[Question] What advice would you give a filmmaker just starting out
on a similar project?
I think it’s important to kind of dig beneath the surface and investigate the humanity of a story or a subject from multiple angles and dimensions. Go past the Wikipedia version and uncover some vital truths. And realize that documentary filmmaking has become very close to fiction filmmaking in terms of dramatic storytelling. I highly recommend a book called Writing Drama that applies as much to documentary filmmaking as fiction storytelling.
Also, stretch your creative wings and make the kind of film that you want to see projected on a big screen with an audience. Use your unique voice.
According to my film school professor, production designer Robert Boyle, Hitchcock used to say that if he could get just 50% of his intention on to the screen, he had succeeded.
Academy Award®-Nominated Director Daniel Raim attended the American Film Institute in Los Angeles, where he studied under one of Alfred Hitchcock’s most esteemed collaborators, Production Designer Robert F. Boyle.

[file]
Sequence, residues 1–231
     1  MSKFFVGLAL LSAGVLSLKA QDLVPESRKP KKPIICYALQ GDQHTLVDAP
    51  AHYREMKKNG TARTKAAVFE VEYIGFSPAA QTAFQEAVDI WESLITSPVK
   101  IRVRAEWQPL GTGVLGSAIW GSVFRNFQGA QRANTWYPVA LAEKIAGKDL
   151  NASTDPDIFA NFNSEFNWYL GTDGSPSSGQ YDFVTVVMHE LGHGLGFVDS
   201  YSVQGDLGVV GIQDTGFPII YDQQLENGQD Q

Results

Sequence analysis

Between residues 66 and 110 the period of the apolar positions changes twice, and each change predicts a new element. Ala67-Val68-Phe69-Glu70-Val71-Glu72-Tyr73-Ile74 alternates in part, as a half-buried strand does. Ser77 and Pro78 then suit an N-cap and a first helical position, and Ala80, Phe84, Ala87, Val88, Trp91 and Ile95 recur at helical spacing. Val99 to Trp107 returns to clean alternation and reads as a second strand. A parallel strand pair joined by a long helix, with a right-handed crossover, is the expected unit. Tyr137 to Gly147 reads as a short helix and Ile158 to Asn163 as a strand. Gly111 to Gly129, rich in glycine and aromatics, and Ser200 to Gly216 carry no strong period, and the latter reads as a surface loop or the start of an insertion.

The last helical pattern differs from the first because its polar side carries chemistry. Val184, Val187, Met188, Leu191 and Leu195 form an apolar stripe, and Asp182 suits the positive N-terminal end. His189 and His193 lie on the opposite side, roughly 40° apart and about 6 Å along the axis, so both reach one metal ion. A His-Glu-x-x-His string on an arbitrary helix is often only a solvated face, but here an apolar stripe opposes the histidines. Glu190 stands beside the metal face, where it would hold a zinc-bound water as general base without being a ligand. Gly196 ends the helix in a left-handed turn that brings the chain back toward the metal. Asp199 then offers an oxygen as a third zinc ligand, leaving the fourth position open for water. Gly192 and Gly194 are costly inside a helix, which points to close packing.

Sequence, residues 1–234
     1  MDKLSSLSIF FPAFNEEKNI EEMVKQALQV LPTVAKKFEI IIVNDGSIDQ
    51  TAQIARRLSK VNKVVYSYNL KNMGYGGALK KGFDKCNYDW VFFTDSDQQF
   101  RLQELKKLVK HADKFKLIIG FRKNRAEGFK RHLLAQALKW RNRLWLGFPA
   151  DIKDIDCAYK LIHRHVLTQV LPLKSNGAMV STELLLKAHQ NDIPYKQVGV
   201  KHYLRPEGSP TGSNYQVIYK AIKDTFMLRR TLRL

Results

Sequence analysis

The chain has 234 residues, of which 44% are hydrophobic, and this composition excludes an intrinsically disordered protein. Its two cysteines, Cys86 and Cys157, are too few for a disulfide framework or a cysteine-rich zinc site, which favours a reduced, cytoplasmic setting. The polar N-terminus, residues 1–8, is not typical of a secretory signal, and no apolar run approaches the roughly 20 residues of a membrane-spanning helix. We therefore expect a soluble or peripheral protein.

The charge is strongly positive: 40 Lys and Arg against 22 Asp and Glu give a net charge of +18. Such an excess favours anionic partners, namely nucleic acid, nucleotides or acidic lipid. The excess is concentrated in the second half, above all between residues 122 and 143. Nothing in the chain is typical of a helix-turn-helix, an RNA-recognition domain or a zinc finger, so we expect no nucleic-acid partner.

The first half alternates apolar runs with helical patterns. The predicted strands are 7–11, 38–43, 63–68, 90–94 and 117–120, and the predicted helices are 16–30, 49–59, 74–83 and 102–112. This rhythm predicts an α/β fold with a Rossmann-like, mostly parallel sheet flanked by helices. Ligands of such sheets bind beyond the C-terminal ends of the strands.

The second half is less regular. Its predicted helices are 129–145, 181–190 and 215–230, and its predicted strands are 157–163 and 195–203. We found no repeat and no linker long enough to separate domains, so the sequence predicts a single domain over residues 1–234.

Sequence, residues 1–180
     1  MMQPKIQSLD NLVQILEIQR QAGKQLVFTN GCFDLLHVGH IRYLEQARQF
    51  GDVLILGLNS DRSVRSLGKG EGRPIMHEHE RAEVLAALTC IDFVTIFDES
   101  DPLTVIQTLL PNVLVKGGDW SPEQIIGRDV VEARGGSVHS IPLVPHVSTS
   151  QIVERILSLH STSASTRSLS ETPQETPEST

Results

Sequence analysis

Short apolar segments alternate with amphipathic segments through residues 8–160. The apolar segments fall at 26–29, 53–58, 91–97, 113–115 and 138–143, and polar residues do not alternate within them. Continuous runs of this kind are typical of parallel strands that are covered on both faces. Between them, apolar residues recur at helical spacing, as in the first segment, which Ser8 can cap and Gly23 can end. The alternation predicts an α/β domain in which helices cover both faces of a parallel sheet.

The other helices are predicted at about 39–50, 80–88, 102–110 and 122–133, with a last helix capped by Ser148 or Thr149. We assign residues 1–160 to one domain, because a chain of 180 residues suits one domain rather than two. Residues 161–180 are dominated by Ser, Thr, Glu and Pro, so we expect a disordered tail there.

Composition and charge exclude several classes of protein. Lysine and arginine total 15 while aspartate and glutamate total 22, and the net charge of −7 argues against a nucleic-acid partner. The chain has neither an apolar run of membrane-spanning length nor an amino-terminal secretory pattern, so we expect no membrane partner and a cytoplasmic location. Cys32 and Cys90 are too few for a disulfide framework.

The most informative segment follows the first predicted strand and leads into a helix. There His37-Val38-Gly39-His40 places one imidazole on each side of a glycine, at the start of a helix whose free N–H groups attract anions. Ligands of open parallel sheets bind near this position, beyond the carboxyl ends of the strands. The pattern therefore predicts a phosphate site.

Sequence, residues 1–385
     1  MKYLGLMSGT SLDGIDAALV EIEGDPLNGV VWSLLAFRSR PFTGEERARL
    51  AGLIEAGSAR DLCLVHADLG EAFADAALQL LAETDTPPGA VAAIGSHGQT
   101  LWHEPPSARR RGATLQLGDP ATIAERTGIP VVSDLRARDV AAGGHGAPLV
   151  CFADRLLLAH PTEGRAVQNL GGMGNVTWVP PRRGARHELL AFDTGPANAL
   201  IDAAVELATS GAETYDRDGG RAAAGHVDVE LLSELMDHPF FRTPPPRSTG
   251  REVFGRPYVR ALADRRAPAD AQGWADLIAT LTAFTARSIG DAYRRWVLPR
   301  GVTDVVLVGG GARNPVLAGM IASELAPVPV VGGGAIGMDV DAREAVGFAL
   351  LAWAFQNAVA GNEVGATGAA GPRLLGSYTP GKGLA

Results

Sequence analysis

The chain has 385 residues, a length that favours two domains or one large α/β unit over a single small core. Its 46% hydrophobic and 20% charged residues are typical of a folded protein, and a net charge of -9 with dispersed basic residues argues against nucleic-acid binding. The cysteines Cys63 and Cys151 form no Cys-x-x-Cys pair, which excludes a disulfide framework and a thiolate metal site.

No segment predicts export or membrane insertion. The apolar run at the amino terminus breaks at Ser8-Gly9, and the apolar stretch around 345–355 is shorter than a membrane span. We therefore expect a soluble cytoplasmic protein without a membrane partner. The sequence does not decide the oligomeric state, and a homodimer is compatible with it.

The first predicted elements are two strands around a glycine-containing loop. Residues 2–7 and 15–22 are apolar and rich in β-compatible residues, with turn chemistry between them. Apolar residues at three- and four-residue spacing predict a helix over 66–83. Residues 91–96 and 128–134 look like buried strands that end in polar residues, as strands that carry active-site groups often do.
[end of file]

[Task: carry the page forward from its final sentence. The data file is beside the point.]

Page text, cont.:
He has created a trilogy of documentaries about Hollywood’s great behind
the scenes masters including, THE MAN ON LINCOLN’S NOSE (2000, Oscar-Nominated
documentary short); SOMETHING’S GONNA LIVE (2010, Los Angeles Times Critics’
Pick), HAROLD AND LILLIAN: A HOLLYWOOD LOVE STORY (2015, Official Selection
Cannes Film Festival) and IMAGE MAKERS: THE ADVENTURES OF AMERICA'S PIONEER CINEMATOGRAPHERS for Turner Classic Movies (TCM) November 2019.
Due to the popularity of this article, Daniel created a special in-depth storytelling and scriptwriting course for those who are seeking help with structuring their documentary.